One of our Christmas traditions as a family, for many years now, has been that I would make ornaments, one for each child, envisioning them as heirlooms that would hang on their own trees one day. It didn’t take too many experiments (paper, salt dough) before I landed on my medium of choice: polymer clay (e.g. Sculpey), which already comes in a whole palette of colors, and doesn’t dry out until you finish it in a low-temperature oven.
I started with figures from the nativity–Mary, Joseph, the Magi, shepherds–all looking like they stepped out of a children’s cartoon. Cute. Soon I was making animals: whimsical little camels with wry facial expressions, or sheep carrying signs that said, “Shear Terror” or “Buy Cotton.”
But one thing has always eluded me. How do you make an angel? I was satisfied to imagine an elfin Mary; I didn’t mind toying with camels and sheep. But angels? In Scripture, they inspire more awe than “Awww…” I didn’t want cute. I wanted majestic. I wanted holy.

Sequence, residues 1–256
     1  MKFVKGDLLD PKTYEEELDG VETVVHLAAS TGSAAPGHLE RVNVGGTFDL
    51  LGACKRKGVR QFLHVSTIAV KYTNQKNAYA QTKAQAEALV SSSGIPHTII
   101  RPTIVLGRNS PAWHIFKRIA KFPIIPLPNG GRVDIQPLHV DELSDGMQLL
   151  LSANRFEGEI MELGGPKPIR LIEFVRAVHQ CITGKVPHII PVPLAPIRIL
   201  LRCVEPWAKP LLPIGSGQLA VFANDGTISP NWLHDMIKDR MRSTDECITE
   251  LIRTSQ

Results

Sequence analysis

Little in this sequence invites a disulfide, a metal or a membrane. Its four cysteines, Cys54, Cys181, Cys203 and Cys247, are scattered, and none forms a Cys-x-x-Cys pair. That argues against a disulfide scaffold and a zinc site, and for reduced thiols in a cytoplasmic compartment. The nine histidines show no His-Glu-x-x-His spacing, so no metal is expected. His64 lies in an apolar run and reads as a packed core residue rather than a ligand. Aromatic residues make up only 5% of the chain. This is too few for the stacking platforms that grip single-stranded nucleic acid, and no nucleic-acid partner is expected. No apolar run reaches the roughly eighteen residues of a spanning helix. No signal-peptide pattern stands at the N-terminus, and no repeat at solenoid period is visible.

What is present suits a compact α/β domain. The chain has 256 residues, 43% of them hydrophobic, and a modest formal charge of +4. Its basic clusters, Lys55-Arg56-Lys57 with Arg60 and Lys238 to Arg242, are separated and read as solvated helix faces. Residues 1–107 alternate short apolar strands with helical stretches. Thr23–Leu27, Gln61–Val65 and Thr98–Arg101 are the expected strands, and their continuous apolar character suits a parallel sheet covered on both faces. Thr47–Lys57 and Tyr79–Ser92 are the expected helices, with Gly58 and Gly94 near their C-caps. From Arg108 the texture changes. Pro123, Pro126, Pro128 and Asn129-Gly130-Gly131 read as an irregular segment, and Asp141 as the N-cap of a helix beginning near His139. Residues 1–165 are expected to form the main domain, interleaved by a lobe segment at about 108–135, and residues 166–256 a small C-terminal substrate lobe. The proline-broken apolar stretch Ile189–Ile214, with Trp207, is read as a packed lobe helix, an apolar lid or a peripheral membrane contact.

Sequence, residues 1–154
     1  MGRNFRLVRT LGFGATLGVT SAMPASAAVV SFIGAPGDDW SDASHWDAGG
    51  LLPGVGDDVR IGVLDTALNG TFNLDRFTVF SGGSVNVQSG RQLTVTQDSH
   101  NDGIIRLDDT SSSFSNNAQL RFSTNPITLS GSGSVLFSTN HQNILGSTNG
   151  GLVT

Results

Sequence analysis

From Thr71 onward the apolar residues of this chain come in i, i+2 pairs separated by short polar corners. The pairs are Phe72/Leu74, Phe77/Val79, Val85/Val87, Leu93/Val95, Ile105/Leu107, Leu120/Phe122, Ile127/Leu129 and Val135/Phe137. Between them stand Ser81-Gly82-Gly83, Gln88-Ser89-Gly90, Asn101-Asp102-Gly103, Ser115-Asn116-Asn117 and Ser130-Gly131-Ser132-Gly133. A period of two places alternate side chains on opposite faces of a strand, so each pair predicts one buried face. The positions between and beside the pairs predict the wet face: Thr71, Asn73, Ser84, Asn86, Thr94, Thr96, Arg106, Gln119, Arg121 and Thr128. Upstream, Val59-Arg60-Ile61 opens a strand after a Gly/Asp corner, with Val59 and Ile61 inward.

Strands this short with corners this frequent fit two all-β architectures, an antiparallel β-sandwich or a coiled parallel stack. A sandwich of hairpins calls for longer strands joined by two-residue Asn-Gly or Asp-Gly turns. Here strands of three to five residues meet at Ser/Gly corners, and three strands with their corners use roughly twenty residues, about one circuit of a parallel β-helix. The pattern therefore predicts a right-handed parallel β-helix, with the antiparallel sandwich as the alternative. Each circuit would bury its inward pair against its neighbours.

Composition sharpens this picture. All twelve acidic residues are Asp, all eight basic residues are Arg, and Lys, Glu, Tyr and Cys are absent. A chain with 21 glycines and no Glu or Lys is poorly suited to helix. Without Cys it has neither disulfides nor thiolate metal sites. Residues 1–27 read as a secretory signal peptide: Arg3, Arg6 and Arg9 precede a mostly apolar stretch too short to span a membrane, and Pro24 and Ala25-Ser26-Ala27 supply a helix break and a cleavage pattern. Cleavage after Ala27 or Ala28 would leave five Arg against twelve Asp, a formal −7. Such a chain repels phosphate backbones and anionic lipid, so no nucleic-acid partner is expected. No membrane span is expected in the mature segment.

But try as I might, I couldn’t do it. I would get an idea in mind, and work and work the clay, then impatiently squish it back into a formless lump. I eventually ended up defaulting back to what was within the boundaries of my competence: teddy bears with wings. (No theological statement there.)
Whimsical I can do. Cute I can do. Holy? Not so much.
But God can.
And the funny thing is, holiness in the flesh looks like a baby. Not a cartoon baby: a live, squirming, squalling small human being.
During Advent, we anticipate Christmas: we look for the holiness of God to come to us humbly in the person of the Christ-child.
But the rest of the year? That’s when the world waits to see the holiness of Christ come humbly in us.